. . . While the carved boxes were the most lavish, largest and most expensive of secular ivory products, mirror cases and combs were the most numerous and of greater utility. The guild of pigniers (comb makers) sold combs and mirrors together, sometimes with a hair parter in a leather case. Many accounts survive, such as one of the duke of Burgundy in 1367:
'Jean de Couilli, pignier, demourant à Paris, 5 fr., pour un estui garni de pignes et de mireour d’yvoire, qu’il a baillez et deliverez pour Mgr. à Guillemin Hannot, son barbier et valet de chambre.' (Jean de Couilli, comb maker, living in Paris, 5 francs for a case including combs and a mirror of ivory, which he has taken and delivered for Mgr. Guillemin Hannot, his barber and valet de chambre).
(Prost 1902, 266, no. 1460)
. . . The major period of production of ivories lasted only a little beyond the middle of the fourteenth century. . .The waning of the French ivory industry was largely due to the disastrous financial effects of the Hundred Years War between England and France (1337-1453), yet there was no immediate end of the use of ivory as a material. The centre of the trade moved north to the new commercial centres of Flanders and the Netherlands, and there the major production was only of religious subjects (Randall 1994). With the exception of bone chess boxes and ivory combs with garden scenes and hunts, secular subject matter virtually disappeared from the scene.
(Richard H. Randall Jr., Images In Ivory: Precious Objects of the Gothic Age, 1997, 63-79).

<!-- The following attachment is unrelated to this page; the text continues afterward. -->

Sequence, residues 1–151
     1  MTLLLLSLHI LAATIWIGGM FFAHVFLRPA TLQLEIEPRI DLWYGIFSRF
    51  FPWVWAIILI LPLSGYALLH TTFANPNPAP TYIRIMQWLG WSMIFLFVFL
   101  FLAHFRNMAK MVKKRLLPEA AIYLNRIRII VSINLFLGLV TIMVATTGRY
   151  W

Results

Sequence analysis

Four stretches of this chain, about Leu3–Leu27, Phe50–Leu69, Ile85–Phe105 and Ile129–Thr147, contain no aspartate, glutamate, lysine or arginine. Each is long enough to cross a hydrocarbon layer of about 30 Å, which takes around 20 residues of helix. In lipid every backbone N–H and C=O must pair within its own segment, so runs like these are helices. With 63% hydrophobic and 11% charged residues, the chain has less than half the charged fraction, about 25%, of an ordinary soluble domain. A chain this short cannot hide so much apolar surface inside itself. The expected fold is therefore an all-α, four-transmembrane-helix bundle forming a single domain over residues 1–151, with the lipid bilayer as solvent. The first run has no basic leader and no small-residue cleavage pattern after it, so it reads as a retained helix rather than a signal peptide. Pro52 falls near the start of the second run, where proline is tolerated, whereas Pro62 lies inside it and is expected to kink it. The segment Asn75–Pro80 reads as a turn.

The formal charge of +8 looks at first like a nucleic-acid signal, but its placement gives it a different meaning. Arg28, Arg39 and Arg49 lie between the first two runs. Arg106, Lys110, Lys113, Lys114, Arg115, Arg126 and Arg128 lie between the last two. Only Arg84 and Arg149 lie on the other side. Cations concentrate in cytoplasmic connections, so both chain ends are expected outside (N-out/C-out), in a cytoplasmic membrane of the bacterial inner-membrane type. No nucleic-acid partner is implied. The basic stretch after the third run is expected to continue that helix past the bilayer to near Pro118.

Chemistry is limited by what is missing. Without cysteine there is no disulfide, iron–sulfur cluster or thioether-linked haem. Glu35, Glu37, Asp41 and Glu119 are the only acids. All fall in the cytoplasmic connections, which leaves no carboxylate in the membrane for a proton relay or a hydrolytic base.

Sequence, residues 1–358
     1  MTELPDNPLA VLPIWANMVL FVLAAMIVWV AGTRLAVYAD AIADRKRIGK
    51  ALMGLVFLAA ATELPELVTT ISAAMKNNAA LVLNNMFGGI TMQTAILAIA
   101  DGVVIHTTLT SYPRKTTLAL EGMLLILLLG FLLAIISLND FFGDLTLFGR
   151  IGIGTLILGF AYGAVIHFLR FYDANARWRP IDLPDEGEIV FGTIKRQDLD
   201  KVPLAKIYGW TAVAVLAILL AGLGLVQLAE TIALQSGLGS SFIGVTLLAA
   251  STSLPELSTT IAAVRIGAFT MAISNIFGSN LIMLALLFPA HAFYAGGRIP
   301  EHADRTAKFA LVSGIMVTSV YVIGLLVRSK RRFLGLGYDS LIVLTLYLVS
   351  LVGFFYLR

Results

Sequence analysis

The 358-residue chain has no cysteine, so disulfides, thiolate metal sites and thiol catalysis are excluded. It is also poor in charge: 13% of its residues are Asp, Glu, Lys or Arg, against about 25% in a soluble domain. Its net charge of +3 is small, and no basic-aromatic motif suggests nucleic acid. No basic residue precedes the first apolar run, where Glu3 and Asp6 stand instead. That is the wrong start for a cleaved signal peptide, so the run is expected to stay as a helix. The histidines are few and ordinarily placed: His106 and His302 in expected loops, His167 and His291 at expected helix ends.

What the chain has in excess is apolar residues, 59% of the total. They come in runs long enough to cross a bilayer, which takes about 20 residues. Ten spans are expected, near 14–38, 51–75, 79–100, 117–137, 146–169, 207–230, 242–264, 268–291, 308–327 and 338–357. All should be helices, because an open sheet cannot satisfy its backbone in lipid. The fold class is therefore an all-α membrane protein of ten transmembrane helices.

Comb, ivory, Lovers in a garden, France (Paris), ca. 1320
Bibliographic References (Citation, Note/Abstract, NAL no)
Williamson, P. Images in Ivory: Precious Objects of the Gothic Age (Detroit, Mich. : Detroit Institute of Arts ; Princeton, N.J. : in association with Princeton University Press, c1997.) pp. 222-223
Longhurst, Margaret H., Catalogue of Carvings in Ivory,(London: pub. under the authority of the Board of Education), 1927-1929, 2:50, pl. XLVIII
'Salting Bequest (A. 70 to A. 1029-1910) / Murray Bequest (A. 1030 to A. 1096-1910)'. In: List of Works of Art Acquired by the Victoria and Albert Museum (Department of Architecture and Sculpture). London: Printed under the Authority of his Majesty's Stationery Office, by Eyre and Spottiswoode, Limited, East Harding Street, EC, p. 93
I, p. 426, II< cat. no. 1147, III, pl. CXCI
Koechlin, R., Les Ivoires gothiques français, 3 vols, Paris, 1924 (reprinted Paris 1968)
part II, pp. 610-611
Williamson, Paul and Davies, Glyn, Medieval Ivory Carvings, 1200-1550, (in 2 parts), V&A Publishing, Victoria and Albert Museum, London, 2014
Williamson, Paul and Davies, Glyn, Medieval Ivory Carvings, 1200-1550, (in 2 parts), V&A Publishing, Victoria and Albert Museum, London, 2014, part II, pp. 610-611, cat. no. 209
Dog; Lovers; Rose; Bench; Hawk